The peace mission of President Muhammadu Buhari in Mali has ended fruitlessly after meeting West African leaders over the political crisis in the country.
The Nigeria president on Thursday meet with the former President Goodluck Jonathan as well as Presidents Alassane Ouattara of Ivory Coast, Macky Sall of Senegal, Mahamadou Issoufou of Niger, Nana Akufo-Addo of Ghana, and the host, Ibrahim Keita of Mali at, Bamako the country capital
Buhari and others had travelled to the country to find a lasting solution to the political crisis in the Sahelian country.
The meeting between President Buhari and other leaders, however, ended in a stalemate as protest movements clamoured for the resignation of Keita amid a long-running jihadist insurgency that threatens to throw the country into chaos.
The President of Niger after the meeting noted that the Economic Community of West African States would hold a summit on Monday with the hope of reaching a compromise between the warring factions.
“Nothing has moved for the movement,” said one of the protest leaders, Imam Dicko, after holding talks with the presidents.
“We’re here to demand the Keita resignation and ensure our comrades who have been killed are not forgotten,” said Yaya Sylla, a young protester.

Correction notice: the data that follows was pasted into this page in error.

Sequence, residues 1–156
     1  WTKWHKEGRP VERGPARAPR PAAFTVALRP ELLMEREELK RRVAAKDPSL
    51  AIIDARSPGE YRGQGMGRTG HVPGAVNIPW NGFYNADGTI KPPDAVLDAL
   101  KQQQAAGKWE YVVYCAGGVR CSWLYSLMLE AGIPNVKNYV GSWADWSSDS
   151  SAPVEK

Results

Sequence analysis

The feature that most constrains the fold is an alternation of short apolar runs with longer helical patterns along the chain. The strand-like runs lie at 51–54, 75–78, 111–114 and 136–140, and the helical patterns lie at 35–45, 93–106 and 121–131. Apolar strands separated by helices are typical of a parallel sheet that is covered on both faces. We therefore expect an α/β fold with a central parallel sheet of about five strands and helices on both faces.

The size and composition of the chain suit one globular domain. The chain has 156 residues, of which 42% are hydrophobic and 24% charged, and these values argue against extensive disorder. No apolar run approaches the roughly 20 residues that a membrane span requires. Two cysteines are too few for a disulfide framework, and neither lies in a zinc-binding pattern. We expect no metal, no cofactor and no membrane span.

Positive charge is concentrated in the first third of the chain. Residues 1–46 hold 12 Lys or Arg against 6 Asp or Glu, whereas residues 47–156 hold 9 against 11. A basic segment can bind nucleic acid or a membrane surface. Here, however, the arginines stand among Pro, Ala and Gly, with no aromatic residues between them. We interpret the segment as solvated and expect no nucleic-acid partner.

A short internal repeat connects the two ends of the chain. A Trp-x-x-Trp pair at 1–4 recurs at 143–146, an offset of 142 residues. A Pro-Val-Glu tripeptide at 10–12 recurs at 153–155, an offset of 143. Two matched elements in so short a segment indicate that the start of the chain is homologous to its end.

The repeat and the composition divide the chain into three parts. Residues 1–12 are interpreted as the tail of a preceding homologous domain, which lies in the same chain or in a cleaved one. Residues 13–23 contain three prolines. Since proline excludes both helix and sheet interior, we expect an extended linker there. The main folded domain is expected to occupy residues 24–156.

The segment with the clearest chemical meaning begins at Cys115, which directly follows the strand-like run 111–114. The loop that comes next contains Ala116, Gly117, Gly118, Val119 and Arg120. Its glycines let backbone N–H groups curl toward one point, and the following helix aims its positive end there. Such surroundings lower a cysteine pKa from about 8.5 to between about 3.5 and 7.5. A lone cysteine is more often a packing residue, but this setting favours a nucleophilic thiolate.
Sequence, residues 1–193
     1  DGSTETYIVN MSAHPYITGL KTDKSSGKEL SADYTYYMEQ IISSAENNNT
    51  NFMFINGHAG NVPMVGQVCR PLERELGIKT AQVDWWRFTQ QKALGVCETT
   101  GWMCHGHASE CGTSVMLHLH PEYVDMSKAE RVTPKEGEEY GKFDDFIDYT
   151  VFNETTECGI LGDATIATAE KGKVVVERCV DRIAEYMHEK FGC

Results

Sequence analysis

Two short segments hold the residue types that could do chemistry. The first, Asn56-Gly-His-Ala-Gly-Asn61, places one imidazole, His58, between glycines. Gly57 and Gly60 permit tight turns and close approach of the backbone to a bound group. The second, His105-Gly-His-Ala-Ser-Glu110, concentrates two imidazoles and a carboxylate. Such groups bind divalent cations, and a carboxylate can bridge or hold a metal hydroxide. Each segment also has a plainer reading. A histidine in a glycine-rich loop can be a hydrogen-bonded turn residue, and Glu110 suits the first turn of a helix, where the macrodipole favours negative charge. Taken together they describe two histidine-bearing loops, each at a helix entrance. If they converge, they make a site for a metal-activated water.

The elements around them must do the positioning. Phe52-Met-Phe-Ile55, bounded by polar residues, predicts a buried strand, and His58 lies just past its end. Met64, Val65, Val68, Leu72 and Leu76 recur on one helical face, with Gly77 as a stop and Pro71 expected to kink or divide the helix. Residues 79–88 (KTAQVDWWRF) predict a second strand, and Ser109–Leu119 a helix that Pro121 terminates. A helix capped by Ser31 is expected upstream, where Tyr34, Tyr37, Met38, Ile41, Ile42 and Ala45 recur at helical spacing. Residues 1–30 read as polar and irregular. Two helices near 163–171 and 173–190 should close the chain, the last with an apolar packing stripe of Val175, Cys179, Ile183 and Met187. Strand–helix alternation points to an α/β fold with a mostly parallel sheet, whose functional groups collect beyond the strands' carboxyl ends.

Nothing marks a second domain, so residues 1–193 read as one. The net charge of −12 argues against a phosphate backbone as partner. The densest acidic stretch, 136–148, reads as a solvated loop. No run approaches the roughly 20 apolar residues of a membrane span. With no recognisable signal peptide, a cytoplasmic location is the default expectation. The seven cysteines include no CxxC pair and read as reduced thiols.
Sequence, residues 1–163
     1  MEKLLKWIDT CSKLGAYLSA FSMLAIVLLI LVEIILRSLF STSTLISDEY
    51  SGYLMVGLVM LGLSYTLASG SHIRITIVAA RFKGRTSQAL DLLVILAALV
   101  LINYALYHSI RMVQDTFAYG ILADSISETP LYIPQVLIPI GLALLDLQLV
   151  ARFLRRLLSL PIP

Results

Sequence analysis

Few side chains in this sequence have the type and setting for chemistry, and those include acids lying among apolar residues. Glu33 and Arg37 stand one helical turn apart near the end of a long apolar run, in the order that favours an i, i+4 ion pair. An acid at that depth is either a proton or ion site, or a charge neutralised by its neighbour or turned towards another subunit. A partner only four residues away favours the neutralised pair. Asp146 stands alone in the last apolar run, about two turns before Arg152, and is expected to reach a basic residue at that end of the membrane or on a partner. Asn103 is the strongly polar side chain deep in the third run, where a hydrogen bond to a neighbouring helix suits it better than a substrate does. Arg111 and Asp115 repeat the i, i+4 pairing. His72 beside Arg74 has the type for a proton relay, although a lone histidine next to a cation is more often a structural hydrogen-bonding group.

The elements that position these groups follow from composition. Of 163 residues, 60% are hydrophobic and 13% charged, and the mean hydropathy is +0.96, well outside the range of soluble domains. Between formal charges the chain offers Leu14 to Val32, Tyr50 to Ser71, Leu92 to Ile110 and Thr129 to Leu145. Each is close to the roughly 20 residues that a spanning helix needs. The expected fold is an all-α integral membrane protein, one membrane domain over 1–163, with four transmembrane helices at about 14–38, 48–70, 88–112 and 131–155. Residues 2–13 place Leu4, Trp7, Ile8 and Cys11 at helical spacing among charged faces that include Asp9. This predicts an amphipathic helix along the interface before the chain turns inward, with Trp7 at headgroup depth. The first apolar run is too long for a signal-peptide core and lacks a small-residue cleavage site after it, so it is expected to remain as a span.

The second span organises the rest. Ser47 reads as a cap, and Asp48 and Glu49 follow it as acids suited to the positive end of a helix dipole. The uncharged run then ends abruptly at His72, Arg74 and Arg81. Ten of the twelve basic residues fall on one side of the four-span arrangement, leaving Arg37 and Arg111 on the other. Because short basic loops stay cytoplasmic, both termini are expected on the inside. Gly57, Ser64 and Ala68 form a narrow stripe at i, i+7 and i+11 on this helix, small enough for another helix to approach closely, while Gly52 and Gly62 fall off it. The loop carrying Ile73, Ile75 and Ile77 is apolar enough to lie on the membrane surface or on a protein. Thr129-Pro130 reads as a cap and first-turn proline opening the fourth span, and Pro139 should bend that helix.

The June 5 Movement, named after the date when the protests began, has tapped into deep anger over Keita’s perceived failure to tackle the dire economy, corruption and the eight-year jihadist revolt.
The people of Mali are also angry over the outcome of long-delayed parliamentary elections in March and April that handed victory to Keita’s party.
The summit came on the heels of a five-day mediation mission from the 15-nation Economic Community of the West African States, which ended on Sunday without reconciling the two sides.
The Institute for Security Studies think-tank warned on Thursday that there was an “unfavourable prejudice” towards the presidents, however, with some perceiving the leaders as protecting their own narrow interests.
“The search for solutions will have to take into account the need to improve the daily lives of Malians,” the think-tank said.
The June 5 Movement noted that the President must resign from his position.
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